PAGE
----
There might be a lucky few who never experience the fizzle, but for most couples who’ve been together for years it’s almost a rite of passage – the realisation that you feel more like roommates than lovers.

You share a bed – and the kids are proof you once used it for something other than sleeping – but these days there’s very little rolling between the sheets.

There’s just falling into bed exhausted after a long day and then rolling out of it in the morning to tackle work and kids and chores again. Vicky* and Bruce*, who’ve been married for 15 years and have two kids, say these days they have sex “about once or twice a month” on average.

Vicky nevertheless describes their marriage as strong and regards her husband as her best friend. Sex is great when they have it but neither misses it all that much and it isn’t an issue, she says. They’re lucky, experts say. The dwindling of physical intimacy is by far the most common problem reported by married couples – and for many it results in not only a physical but also an emotional disconnect they don’t know how to bridge.

“Couples lacking sexual intimacy are far more prevalent today than we think,” says Karmen Hutton, a Cape Townbased clinical psychologist. It’s possible for a relationship to survive without sex when the friendship, love and emotional connection are strong enough to make up for the lack of sexual intimacy, she adds.

But if things are one-sided, with one partner wanting sex more frequently than the other, a relationship can flounder. Here’s what you need to know to navigate this tricky issue.

Intimacy matters

While sex is important in a relationship, intimacy is the glue that holds it together. This includes both physical and emotional closeness. Emotional intimacy comes from sharing your thoughts, feelings and expectations – and when you have this it often makes physical intimacy more meaningful.

What’s important to keep in mind about physical intimacy is that it doesn’t refer only to sex, Hutton says.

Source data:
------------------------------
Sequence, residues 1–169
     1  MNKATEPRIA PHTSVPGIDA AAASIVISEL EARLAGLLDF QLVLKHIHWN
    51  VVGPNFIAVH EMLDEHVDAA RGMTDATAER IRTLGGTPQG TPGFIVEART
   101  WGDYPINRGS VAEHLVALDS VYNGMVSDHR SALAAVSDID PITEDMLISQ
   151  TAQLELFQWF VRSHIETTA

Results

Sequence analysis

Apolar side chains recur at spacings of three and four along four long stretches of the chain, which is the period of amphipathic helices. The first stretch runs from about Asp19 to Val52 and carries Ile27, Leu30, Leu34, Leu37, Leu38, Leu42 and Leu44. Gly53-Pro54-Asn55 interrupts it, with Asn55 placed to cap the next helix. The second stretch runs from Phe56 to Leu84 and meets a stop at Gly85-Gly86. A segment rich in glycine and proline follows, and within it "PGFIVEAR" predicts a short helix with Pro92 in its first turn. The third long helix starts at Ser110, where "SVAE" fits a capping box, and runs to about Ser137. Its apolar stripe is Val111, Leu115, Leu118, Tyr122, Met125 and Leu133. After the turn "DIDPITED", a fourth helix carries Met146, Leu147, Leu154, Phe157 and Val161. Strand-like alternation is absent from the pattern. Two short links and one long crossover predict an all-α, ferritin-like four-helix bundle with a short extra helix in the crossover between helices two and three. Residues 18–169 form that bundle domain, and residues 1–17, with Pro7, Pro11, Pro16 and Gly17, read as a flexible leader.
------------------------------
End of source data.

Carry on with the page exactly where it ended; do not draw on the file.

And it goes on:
It’s about connecting with your partner on a physical level and includes any form of intimate touching, such as holding hands, cuddling, hugging, kissing and caressing.

If you’re doing these things, you clearly feel emotionally close to each other – and having this connection is what makes it possible to have a strong relationship without plenty of sex.

Ideally, you need physical and emotional intimacy in more or less equal measure for a healthy, thriving relationship, Hutton believes. But this is rarely the case and that’s where things get tricky.

It’s common for one partner to value one type of intimacy more than the other. It’s also challenging to maintain physical intimacy when you’re juggling child-rearing, running a household and having a demanding job.

But deep down you’ll know if you and your partner share that special intimacy that keeps a relationship going through the toughest of times.

It’s in that look you give your partner from across the room, and in the special wink or smile you get back. 

When sex becomes a chore

You love your husband but when you feel his hand caress your hip as you crawl into bed at 11pm all you can think is, “Please, not now!” Don’t panic if this is how you feel some times – or even all of the time. It doesn’t necessarily mean your marriage is in the  doldrums. “